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Smoking and mental health

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People with mental health problems are more likely to smoke than other people. They also tend to smoke more heavily. Over half of smokers with mental health problems want to give up. We can help you quit.

Get the support you need to stop smoking

When you sign up to a Quit Plan, you get personalised support that's right for you. It includes one-to-one help from a trained stop smoking adviser, as well as daily texts and emails if you want them.

Find your local stop smoking clinic -they can also provide one-to-one and group support. You can also get help and advice from your mental health support team (GP, nurse, psychiatrist).

Prepare yourself to quit

Everyone who quits smoking has to deal with cravings and withdrawal symptoms. Talk to your GP before you try to quit, especially if you're on medication for your mental health.

Related topic

Cravings and withdrawal when you stop smoking

Dealing with difficult feelings

If you're feeling angry, low or anxious after you quit smoking, remember that this is normal. These feelings can happen to anyone trying to quit - regardless of whether or not you have mental health problems. It really helps to find ways of coping that work for you.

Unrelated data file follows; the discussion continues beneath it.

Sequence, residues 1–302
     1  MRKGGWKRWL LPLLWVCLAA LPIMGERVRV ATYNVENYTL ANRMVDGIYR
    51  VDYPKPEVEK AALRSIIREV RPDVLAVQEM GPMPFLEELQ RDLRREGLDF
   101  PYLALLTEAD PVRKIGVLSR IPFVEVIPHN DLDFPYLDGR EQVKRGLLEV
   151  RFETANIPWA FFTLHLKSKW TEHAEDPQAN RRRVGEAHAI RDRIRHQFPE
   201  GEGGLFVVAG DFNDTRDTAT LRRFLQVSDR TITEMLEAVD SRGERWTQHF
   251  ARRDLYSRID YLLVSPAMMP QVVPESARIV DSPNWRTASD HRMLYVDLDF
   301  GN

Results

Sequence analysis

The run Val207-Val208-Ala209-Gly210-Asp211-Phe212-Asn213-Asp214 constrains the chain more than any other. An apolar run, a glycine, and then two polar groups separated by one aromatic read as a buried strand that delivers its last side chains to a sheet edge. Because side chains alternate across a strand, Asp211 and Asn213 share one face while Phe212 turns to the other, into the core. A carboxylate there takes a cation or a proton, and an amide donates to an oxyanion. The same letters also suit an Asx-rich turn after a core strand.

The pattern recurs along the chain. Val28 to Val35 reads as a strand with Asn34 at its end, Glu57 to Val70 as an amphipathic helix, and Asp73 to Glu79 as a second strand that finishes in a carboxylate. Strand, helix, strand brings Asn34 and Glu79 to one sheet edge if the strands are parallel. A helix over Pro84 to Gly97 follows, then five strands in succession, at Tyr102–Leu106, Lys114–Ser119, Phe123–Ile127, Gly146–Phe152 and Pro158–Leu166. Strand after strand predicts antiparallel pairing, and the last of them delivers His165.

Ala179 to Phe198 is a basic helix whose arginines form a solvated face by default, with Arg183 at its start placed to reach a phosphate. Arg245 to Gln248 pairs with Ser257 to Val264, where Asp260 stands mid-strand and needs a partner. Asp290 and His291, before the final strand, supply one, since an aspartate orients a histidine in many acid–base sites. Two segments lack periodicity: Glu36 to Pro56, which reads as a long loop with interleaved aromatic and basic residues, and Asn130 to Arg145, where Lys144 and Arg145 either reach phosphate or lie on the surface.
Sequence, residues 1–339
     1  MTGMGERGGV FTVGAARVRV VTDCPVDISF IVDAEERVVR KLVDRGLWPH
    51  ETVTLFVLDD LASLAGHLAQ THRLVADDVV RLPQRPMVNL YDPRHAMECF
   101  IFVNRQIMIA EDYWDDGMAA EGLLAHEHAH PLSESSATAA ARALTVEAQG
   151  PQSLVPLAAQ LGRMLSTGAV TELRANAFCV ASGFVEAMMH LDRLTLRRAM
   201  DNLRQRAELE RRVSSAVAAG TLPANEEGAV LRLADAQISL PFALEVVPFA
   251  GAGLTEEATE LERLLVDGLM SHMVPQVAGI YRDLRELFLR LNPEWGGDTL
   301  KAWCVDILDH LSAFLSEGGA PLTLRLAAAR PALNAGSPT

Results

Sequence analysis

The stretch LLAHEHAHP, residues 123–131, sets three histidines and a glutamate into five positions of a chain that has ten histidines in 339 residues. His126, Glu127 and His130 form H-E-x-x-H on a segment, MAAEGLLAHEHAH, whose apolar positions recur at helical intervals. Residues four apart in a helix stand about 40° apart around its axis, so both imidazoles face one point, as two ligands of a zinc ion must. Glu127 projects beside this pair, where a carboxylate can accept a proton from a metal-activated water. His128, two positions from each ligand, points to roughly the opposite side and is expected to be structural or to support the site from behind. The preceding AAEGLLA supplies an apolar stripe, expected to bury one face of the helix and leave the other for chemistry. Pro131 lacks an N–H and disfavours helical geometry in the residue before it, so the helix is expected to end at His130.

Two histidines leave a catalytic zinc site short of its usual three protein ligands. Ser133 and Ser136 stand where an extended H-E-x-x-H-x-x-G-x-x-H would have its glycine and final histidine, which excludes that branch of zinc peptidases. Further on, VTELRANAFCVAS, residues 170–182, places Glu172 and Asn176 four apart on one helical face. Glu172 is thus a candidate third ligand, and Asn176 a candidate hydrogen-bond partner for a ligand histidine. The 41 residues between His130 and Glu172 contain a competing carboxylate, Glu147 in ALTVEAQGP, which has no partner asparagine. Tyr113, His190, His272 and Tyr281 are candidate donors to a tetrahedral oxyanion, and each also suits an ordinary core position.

You could try:

  • distracting yourself (for example, with a book, music or television)
  • going for a walk or doing another form of exercise
  • calling or meeting up with a friend
  • turning negative thoughts into positive ones
  • focusing on what's good about you and your life
  • talking to someone who understands you

Lots of people smoke to deal with stressful situations. Our advice on how to cope when you want to smoke can help you find other ways of calming yourself down.

Most people find that difficult feelings get easier every day. Talk to your GP if things don't get easier for you.

John, 51 from Sligo shares his story:

"I'd smoked since I was 9 years old. My whole life was smoking. When I was diagnosed with depression when I was 20 years old, I turned to cigarettes for comfort. They became my best friend. They helped me cope with my low moods, or so I thought. But to be honest, since I quit, I think my moods are better.

I'm not gonna lie and say it was easy. It wasn't - and it still isn't. But I wake up in the morning with a new energy I thought I'd never have. I feel great, like a new man. Who'd have thought that after 40 years of smoking I could give it up?"

Related topic

Information and support for your mental health and wellbeing

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page last reviewed: 27/03/2019
next review due: 27/03/2022

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